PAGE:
The book, which Adonyeva wrote together with the American researcher Laura Olson, is dedicated to three generations of women. They explore the institution of the female majority and show how sociopolitical processes such as revolution and wars have changed the everyday life of a peasant woman. It seems to me that this book is about how we ended up as children of a post-Soviet family, and it answers many questions about the gender order in which we live.

Elena Schwartz

Army. Orchestra. A park. Ship. Four typewritten collections

There is a problem with the texts of Elena Schwartz: the complete collection of her works has not yet been published, and everything that has been published can no longer be found in bookstores. This year we finally re-published in one book four typewritten collections, released in the seventies and eighties by samizdat, and I am wildly happy about that.

I adore Elena Schwartz, she is an amazing poet. One of her poems is enough for me to find myself in another reality. Space Schwartz is a huge amazing body, in it all living things - not in the sense of animate, but in the sense of meat. These are visionary poems, sometimes quite scary, but I am amazed at their impeccable sincerity.

Dorit Linke

On the other side of the blue border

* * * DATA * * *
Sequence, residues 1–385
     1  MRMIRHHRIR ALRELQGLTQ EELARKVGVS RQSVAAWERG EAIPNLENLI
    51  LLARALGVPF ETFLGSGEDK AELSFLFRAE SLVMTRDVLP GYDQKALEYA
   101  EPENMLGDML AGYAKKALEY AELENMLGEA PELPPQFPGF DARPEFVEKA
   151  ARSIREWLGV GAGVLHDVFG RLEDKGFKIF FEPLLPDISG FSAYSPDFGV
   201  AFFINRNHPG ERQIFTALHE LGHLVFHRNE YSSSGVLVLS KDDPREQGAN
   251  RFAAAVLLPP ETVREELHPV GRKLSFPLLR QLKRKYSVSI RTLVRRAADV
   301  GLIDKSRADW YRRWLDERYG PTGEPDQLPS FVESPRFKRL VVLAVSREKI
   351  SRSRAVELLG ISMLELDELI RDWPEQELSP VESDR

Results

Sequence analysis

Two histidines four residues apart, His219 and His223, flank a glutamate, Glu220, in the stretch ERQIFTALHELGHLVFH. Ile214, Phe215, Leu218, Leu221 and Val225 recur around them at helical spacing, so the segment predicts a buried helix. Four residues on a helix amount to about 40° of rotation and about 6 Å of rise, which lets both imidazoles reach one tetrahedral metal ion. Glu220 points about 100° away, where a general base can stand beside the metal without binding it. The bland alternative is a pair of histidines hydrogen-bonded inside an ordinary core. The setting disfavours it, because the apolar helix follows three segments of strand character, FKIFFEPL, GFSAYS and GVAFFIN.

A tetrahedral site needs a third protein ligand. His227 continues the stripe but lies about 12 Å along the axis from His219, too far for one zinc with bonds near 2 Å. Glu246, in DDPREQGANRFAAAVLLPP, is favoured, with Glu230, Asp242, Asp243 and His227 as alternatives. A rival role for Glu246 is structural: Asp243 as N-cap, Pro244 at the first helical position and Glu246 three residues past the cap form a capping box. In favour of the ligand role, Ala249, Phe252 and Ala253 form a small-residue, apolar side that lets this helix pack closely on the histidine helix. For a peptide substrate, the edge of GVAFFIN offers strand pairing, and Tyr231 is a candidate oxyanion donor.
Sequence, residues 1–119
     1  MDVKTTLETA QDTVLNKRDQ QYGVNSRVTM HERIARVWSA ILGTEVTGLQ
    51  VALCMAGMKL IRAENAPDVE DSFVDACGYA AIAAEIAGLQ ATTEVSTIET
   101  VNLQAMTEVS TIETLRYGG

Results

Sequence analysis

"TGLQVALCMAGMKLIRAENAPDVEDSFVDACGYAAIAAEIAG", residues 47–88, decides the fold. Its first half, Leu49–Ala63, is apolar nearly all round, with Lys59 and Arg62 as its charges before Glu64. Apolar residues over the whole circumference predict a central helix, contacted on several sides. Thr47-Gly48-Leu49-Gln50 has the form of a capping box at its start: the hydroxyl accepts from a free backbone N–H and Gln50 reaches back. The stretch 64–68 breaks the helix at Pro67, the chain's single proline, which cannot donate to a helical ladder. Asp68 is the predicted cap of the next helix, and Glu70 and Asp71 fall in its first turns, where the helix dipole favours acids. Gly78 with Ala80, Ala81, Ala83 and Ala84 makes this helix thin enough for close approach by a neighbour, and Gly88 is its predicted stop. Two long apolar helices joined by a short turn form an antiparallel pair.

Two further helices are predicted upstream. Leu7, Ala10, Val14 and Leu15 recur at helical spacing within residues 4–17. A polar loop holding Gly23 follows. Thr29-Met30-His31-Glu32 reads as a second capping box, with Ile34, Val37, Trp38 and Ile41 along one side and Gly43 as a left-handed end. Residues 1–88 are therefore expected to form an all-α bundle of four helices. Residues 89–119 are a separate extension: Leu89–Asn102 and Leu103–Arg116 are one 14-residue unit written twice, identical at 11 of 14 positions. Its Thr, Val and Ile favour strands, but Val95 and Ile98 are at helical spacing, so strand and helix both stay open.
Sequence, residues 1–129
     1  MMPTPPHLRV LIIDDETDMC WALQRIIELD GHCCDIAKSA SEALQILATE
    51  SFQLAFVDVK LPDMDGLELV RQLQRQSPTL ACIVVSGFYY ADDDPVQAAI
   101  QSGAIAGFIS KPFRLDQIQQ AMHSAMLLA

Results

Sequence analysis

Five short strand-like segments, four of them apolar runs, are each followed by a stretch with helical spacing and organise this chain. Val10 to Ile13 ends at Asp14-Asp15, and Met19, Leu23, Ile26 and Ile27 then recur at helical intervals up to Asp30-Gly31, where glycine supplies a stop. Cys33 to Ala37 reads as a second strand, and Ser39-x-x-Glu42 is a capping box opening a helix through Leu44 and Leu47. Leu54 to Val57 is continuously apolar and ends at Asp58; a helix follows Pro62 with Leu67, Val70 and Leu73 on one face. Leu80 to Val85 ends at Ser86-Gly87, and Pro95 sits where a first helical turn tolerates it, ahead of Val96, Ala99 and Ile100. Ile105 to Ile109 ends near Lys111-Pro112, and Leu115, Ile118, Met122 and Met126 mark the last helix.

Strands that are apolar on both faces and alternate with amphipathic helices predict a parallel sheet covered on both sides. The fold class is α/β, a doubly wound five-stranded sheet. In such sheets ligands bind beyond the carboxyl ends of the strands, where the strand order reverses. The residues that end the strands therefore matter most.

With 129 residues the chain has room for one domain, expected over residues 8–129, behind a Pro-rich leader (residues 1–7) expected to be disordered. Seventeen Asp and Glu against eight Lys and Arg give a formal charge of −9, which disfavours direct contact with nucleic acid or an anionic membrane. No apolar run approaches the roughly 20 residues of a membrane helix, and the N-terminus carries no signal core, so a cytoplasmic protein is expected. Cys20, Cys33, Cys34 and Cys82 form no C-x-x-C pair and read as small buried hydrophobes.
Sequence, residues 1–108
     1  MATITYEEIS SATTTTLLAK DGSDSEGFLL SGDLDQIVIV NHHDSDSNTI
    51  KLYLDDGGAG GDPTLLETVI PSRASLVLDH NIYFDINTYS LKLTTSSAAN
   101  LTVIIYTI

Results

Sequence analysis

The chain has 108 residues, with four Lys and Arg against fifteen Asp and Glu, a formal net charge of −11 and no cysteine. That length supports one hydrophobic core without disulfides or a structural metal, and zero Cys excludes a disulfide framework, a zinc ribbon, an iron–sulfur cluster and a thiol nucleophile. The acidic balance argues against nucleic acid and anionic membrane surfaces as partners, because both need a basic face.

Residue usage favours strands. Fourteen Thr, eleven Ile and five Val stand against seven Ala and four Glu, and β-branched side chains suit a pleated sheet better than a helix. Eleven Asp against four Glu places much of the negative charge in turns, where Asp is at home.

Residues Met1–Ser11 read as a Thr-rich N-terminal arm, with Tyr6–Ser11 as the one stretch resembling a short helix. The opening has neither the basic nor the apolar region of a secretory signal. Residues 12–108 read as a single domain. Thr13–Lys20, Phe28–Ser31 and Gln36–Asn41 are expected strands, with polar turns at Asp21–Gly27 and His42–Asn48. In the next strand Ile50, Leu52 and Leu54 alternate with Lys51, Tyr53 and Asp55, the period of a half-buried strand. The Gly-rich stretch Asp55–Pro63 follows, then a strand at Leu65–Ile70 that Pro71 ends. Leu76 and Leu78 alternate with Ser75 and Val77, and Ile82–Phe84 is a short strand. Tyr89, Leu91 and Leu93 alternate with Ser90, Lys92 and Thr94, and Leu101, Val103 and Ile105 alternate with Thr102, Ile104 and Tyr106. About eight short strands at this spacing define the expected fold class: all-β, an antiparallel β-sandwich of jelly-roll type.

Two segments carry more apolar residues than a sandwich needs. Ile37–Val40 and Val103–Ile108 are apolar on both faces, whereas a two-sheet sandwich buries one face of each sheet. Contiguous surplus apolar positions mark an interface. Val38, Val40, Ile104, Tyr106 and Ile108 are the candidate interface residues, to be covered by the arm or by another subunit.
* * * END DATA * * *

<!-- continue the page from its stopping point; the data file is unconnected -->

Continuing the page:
Several years ago, everyone started talking about cool teenage literature that appeared in Russia thanks to the publishing houses Samokat and Belaya Vorona. I didn't really believe: my experience of reading books from the "Black Kitten" series discouraged all the desire to read literature for teenagers. But one day I wanted to make a post on the bookstore's social network, and I came across “On the other side of the blue border”. I sat down on the sofa, opened the book and closed it only when it was over. "Beyond" turned my attitude towards teenage literature upside down.

This is a big novel about two teenagers, a sister and a brother, who live in the GDR. They do not like their life - they know that there is another world beyond the wall, which is forbidden even to think about. They are bullied by their peers and teachers because they do not want to march in formation, do not want to think the way many people think, and most importantly, because they are not afraid to say what they think.One day they decide to run for the wall, but they know how such stories end, so they prepare a thorough escape plan, train for a long time, and one night they put on wetsuits and swim towards freedom.

Annette Huizing

How I accidentally wrote a book

This is a very small book about a teenage girl Katinka, who lost her mother when she was three years old. She goes to her fellow writer Lidwin to study writing. She gives the girl tasks, and Katinka writes how she misses her mother and loves her brother, how her relationship with her father's new lovers is developing, but most importantly, Katinka writes a real book about how she writes. This is such a metatext for teenagers. The book contains a bunch of useful tips from experienced novelist Lidwin for those who dream of writing their own novel, and there is also a whole chapter devoted to visiting the crematorium.